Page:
Randomize Privileged Passwords - Hitachi ID Privileged Access Manager
Hitachi ID Privileged Access Manager secures sensitive passwords by periodically setting them to new, random values:
- On systems integrated via "push mode:"
Note that "push mode" normally means that no software is deployed to the
managed endpoint system.
- Periodically -- for example, every night between 3AM and 4AM.
- When users check accounts back in, after they are finished using them.
- When users request a specific password value.
- In the event of an urgent termination of a system administrator (randomize
all passwords that person may have known).
- On systems integrated via "pull mode:"
Note that "pull mode" implies a local agent on the managed endpoint
system. This approach is useful on laptops, on rapidly
provisioned/deprovisioned VMs in a cloud environment and in some
isolated network segments.
- Periodically -- for example, every day.
- At a random time-of-day, to even out workload on the Privileged Access Manager service.
- Opportunistically, whenever network connectivity happens to be
available from the managed endpoint to the central privileged access system.
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Randomizing privileged passwords on laptops and other mobile devices
- On mobile devices, the endpoint initiates the password change process.
- Password changes initiated on the endpoint can be performed
even when the device is off-site, behind a firewall, etc.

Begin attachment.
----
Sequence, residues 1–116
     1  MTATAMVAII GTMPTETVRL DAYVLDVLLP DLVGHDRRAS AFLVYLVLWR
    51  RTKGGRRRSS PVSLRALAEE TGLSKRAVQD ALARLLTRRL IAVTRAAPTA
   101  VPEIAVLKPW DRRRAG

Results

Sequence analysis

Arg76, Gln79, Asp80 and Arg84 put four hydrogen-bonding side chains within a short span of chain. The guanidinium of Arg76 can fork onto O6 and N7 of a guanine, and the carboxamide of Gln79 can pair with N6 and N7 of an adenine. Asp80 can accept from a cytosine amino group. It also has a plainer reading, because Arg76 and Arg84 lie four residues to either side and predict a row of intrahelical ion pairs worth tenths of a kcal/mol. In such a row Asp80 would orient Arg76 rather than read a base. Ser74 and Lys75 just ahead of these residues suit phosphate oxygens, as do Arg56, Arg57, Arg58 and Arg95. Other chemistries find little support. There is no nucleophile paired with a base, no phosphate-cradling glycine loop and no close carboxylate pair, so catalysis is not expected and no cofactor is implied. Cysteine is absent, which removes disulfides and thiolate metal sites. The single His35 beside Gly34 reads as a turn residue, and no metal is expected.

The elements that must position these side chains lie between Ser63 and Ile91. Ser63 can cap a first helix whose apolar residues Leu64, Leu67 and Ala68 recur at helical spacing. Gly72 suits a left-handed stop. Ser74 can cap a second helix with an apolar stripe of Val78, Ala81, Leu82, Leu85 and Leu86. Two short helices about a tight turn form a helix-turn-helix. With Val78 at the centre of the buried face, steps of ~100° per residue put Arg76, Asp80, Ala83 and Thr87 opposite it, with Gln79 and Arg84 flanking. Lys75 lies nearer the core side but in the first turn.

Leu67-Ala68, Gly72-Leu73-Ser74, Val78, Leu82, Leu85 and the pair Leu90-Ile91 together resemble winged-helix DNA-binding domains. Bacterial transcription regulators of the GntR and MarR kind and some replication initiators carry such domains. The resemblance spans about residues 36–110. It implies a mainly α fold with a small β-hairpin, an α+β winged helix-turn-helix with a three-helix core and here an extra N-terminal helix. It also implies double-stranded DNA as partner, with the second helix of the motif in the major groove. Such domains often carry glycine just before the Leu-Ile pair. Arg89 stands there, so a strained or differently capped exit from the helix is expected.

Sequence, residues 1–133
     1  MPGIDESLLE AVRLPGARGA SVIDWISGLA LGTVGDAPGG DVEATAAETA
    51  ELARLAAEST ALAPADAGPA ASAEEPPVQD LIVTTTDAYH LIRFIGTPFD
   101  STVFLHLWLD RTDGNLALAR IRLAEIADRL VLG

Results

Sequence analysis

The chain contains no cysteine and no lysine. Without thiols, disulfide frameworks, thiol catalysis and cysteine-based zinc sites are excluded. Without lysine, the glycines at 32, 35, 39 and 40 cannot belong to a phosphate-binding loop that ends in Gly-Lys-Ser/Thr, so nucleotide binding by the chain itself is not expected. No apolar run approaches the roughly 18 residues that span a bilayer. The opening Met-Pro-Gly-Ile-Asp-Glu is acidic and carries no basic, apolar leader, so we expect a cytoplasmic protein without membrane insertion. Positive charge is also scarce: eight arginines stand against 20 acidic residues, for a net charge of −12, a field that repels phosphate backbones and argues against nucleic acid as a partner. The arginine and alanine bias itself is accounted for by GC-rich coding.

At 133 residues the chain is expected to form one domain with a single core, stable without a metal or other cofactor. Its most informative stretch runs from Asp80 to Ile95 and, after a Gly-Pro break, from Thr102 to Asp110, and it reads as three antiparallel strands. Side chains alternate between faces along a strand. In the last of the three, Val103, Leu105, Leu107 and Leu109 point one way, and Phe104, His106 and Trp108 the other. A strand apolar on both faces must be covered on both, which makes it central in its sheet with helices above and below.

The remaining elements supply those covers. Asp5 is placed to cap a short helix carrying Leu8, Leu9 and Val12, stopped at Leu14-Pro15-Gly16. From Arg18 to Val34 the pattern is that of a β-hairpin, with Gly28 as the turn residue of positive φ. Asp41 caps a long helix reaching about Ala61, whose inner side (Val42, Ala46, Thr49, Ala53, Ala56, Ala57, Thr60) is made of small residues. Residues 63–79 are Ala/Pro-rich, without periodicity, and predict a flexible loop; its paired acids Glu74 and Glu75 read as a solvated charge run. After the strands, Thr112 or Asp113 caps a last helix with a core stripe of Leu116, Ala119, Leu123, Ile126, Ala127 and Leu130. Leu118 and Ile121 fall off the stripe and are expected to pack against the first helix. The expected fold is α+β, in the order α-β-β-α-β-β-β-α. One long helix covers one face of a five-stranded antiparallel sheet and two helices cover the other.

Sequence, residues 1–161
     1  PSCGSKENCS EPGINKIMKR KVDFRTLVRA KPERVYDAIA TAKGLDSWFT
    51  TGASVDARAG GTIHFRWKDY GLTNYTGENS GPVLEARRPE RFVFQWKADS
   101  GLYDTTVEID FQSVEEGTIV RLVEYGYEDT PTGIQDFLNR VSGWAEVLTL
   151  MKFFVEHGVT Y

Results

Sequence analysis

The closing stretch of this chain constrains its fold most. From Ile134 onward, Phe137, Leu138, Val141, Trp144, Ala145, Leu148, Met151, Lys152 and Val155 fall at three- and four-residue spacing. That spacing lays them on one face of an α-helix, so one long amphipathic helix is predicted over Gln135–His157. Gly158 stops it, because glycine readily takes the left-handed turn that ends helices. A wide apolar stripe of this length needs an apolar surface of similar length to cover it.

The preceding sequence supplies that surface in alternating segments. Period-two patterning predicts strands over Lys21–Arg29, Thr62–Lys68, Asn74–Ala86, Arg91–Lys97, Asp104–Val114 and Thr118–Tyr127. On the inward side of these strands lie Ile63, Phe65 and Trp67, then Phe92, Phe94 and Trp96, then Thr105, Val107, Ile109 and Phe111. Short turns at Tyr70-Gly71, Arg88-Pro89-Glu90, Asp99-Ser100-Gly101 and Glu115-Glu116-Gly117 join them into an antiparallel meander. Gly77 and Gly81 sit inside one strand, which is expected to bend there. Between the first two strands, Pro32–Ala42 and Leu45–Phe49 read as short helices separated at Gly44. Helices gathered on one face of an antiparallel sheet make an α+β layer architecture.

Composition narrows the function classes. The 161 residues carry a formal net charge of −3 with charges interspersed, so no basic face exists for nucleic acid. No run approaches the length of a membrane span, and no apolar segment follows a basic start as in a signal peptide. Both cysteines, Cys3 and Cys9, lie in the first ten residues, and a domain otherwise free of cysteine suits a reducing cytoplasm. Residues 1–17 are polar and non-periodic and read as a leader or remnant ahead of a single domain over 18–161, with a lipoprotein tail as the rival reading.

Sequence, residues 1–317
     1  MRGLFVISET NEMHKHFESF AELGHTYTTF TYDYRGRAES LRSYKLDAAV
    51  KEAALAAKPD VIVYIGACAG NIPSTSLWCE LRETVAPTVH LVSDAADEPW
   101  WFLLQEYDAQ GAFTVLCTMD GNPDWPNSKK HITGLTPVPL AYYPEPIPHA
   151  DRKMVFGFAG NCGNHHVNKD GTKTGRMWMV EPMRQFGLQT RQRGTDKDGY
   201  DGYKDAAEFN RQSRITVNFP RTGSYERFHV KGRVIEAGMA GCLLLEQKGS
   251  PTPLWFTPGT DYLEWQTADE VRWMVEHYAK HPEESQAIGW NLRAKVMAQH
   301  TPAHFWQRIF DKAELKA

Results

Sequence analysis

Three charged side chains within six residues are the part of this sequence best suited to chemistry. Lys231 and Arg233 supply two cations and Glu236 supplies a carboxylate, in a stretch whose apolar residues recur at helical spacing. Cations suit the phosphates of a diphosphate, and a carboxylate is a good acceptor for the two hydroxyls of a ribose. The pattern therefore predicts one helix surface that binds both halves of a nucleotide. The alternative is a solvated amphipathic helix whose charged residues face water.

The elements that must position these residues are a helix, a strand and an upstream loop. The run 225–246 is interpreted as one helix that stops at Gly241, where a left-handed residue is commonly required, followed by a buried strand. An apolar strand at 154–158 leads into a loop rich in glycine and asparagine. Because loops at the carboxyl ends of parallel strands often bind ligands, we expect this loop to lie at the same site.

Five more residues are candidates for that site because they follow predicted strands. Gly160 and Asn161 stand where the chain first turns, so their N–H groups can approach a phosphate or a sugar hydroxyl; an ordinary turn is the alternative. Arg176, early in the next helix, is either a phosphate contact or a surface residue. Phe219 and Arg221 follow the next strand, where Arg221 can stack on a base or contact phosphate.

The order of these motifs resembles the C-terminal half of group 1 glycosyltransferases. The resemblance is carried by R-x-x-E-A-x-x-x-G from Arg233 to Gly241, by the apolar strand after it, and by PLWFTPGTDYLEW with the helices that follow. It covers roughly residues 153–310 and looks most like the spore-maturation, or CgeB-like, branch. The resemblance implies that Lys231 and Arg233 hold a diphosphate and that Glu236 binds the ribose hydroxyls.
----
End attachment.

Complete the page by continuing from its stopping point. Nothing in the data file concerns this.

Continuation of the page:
- Randomized timing improves reliability and reduces peak transaction
- A minimal software footprint is required on the endpoint device.
Randomizing privileged passwords on fixed IT assets
- On servers and other fixed devices or applications, no local software is required.
- Password changes are initiated on an HiPAM server and are
scheduled to happen, as often as hourly.
- Randomized password values are stored in a secure, replicated vault
at a minimum of two physical locations.
- No software is installed on systems.
- Randomize Privileged Passwords:
Privileged Access Manager periodically randomizes passwords on privileged accounts.
- Launch Privileged Login Sessions:
Privileged Access Manager launches login sessions to privileged accounts subject to access control policies and/or workflow approvals.
- Limit Concurrent Administrator Logins:
Privileged Access Manager controls how many people can sign into the same privileged account at the same time using a checkout/checkin process.
- Record Administrator Logins:
Privileged Access Manager can record the login sessions it launches for users to sign into privileged accounts. These recordings are both a forensic audit trail and a knowledge sharing resource.
- Password History:
Privileged Access Manager captures a full history of passwords for privileged accounts. This is useful when recovering servers and databases from backup media.
- Audit Logs and Reports:
Login sessions to privileged accounts are logged by Privileged Access Manager and visible in reports. This makes administrators accountable for changes they may make to systems and applications.
- Eliminate Embedded Passwords:
Privileged Access Manager allows organizations to eliminate static, plaintext passwords embedded in applications. An API allows applications to secure acquire credentials to other applications on demand.
- Change Service Account Passwords:
Privileged Access Manager periodically changes passwords for accounts used to run Windows services and notifies appropriate OS components, such as service control manager and scheduler, of the new password value.